To be fair, I started watching A Sargunam’s debut, Kalavani, loaded with expectations. This was one film that was touted as a sleeper hit and got massively positive reviews almost everywhere.
So, it may be the expectations or the nature of the film’s screenplay – it was boring, for large parts.
That however does not mean the film was not good. I was expecting a Pasanga (at least going by many reviews that claimed the film was a curious combination of Pasanga and Nadodigal), but it turned out to be completely different. Merely having Vimal in the lead in a similar role doesn’t make this film a Pasanga. Or, merely having a kidnap scene doesn’t make this film a Nadodigal.
If I were to connect this film, I’d blasphemously do it, with Pandirajan’s second film, Aan Paavam.
The film has 2 really good ideas…nah, make it one and a half. One is Arikki LC112. The second (half) is the way it ends.
Barring these, there are no genuinely interesting scenes to sustain interest for 2 1/2 hours. The only thing that works big time is how it is filmed with rustic nativity. The characters and locations are so natural and earthy that you almost smell the paddy fields.
There are minor, genuinely brilliant scenes, sprinkled across the film. The way the director skips specific scenes to reveal only a part of the story or show it later, is an interesting technique that works very well at places. For instance, Vimal blackmails his mother and sister by aiming a brick at the TV, for money. That scene is almost meaningless, then. But, Sargunam gradually reveals its impact in the subsequent scene when Saranya attends Vimal’s father’s phone call from Dubai. The meaning manifests fully when the Dubai-based dad’s friend visits them, in their dilapidated house! That confidence in not revealing the entire point is commendable.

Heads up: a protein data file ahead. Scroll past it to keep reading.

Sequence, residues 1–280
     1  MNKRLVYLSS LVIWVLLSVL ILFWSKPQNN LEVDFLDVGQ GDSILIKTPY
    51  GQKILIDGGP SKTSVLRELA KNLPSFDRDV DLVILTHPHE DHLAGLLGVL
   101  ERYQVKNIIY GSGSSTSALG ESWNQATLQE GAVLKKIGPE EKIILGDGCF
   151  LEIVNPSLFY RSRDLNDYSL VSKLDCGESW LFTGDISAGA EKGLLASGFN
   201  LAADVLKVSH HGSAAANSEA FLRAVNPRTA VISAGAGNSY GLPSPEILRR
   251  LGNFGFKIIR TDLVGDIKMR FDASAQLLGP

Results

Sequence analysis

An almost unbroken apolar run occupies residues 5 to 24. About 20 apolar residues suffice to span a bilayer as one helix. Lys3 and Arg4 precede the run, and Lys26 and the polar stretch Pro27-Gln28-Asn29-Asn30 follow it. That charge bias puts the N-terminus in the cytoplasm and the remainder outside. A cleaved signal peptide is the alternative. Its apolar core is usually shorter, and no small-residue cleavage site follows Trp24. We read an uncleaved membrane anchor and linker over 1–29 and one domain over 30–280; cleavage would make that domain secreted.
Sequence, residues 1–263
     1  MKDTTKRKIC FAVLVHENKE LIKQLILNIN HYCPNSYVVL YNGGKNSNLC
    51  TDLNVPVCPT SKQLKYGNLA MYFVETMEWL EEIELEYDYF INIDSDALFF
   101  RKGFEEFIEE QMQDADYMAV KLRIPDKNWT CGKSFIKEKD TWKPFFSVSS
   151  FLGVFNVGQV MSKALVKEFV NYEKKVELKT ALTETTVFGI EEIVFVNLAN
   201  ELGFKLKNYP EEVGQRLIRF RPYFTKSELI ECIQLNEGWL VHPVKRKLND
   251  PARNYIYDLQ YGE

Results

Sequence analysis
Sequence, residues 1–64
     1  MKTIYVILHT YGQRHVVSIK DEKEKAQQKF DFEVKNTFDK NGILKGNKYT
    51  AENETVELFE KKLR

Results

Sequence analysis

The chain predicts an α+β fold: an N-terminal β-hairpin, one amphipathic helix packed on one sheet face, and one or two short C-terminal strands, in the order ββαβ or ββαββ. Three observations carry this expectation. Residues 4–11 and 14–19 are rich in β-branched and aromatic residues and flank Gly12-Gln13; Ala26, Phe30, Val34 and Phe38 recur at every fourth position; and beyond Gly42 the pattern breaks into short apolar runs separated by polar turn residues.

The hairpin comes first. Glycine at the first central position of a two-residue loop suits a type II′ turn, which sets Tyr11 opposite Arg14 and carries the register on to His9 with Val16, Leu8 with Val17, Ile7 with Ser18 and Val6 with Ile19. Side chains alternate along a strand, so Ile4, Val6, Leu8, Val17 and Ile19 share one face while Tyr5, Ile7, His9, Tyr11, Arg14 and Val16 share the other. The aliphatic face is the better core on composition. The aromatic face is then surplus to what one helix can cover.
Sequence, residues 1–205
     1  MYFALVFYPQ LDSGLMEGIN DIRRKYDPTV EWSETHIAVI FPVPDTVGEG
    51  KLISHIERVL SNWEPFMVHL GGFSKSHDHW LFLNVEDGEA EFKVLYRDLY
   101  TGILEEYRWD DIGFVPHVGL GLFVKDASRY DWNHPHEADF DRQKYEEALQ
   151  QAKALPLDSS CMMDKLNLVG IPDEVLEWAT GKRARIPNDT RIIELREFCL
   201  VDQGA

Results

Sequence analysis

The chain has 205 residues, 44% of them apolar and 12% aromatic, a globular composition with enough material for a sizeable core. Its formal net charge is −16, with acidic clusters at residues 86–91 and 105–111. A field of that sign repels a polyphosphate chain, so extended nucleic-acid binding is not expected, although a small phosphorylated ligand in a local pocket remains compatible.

Or, take the scene where Vimal takes special care of the few paddy plants that the heroine plants in their field. It extends obviously, but the way Vimal’s dad guesses the affair is a subtle, beautiful touch.
The film is thankfully devoid of any violence, bloodshed or pointless bravado. Even the most volatile scene – where Vimal sneaks in a village fest to be close to Oviya – is handled very naturally.
The way the film ends is another touch that is vastly similar to Aan Paavam, in tone and not in any specific scene. The way Vimal uses his smart-alecky intelligence to diffuse the prevailing tension is something that Pandiarajan (or his guru, K Bhagyaraj) mastered back then.
But, all this is wrapped in a screenplay that goes on endlessly about predictable and repetitive scenes about Vimal and Oviya meeting in a paddy field or some other location nearby. Even the running joke with Ganja Karuppu gets stale after the first gag, though, it seems like the gag is repeated solely for use in the climax, as a crucial plot point.
It is perhaps to Pandiraj’s (of Pasanga) or Sasikumar’s credit that an otherwise decent effort like Kalavani pales in comparison – mind you, only in comparison. On its own, Kalavani is a watchable film for a lot of nifty and creative scenes that are peppered all over the film. It is just that they don’t add up to an entirely riveting film.